Third, the treatment plan typically starts with a combination of lifestyle modification, diet, and physical activity. A selected diet should result in a calorie deficit and be sustainable. Ideally, the diet should follow the US Department of Agriculture dietary guidelines by being well-balanced across all food groups to promote both long-term healthy eating habits and a healthy weight. Any level of physical activity has health benefits, but the degree needed for weight loss and maintenance varies considerably for an individual patient.

Pharmacotherapy should be considered as an addition to diet, lifestyle, and exercise when nonpharmacologic treatments alone are unsuccessful and the BMI is 30 kg/m2 or more or 27 kg/m2 or more with obesity-related complications.3,7,17,20 The efficacies of available FDA-approved medications vary. The choice of agent is often made by considering efficacy with cost, patient preference, and specific safety issues or potential for adverse effects.16 In most cases, medications will need to be long-term therapy rather than short-term courses.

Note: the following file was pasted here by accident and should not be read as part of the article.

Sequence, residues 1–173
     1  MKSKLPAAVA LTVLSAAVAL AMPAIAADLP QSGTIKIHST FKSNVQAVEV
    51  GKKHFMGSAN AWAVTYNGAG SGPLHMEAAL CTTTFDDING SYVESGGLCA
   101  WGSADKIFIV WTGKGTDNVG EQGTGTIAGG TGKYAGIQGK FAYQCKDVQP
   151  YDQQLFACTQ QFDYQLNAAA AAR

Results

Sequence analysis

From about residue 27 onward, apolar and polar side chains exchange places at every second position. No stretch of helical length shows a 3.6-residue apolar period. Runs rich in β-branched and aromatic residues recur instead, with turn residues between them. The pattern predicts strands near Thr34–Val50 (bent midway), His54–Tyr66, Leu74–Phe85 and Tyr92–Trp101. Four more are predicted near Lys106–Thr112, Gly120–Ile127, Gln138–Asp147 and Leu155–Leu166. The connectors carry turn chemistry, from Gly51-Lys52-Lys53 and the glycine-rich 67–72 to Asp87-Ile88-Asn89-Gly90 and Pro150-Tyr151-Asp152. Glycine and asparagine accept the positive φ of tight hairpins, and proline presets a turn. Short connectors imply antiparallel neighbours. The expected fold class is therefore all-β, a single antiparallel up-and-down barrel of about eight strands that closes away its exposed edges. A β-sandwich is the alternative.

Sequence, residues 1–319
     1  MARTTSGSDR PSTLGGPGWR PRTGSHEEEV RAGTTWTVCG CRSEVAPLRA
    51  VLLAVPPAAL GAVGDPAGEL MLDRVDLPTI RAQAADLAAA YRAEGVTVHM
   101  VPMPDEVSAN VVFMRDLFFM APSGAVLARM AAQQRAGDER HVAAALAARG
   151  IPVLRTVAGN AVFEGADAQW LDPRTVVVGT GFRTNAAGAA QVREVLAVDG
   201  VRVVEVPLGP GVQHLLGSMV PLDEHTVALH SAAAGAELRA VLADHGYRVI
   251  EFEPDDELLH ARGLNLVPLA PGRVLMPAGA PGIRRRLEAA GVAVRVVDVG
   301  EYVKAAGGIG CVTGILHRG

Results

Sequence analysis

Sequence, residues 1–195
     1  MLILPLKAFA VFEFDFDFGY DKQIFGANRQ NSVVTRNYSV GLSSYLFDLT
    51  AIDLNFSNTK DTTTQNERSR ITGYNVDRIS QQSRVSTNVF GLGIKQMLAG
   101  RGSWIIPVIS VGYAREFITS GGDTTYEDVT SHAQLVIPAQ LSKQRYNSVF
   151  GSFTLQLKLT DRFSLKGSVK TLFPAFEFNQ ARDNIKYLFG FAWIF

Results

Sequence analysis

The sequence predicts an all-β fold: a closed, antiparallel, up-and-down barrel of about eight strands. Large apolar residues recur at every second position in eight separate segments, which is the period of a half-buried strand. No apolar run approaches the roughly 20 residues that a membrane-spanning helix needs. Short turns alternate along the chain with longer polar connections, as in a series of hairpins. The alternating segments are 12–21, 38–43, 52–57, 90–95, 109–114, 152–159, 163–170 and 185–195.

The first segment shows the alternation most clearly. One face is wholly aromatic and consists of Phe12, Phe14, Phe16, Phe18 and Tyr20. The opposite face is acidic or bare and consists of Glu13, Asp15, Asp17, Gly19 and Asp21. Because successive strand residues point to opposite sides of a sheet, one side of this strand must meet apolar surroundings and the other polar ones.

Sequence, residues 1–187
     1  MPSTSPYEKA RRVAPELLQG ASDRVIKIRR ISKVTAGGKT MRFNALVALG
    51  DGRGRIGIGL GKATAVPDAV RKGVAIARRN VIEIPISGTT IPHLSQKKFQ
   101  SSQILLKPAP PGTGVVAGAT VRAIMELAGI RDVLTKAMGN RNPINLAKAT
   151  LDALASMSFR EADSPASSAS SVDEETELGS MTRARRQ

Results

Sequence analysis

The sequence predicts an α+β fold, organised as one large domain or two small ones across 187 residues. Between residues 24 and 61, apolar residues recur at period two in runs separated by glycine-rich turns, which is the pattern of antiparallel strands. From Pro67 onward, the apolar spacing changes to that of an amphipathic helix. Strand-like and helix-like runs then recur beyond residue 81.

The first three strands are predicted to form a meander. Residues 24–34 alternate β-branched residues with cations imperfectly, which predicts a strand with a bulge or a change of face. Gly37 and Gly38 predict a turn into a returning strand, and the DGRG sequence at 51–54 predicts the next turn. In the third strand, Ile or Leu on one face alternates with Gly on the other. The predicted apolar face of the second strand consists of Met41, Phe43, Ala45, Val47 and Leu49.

Lastly, bariatric surgery is safe and the most successful of treatment options. It becomes a choice for people with a BMI of 40 kg/m2 or more or 35 kg/m2 or more with obesity-related complications.7,11,12,17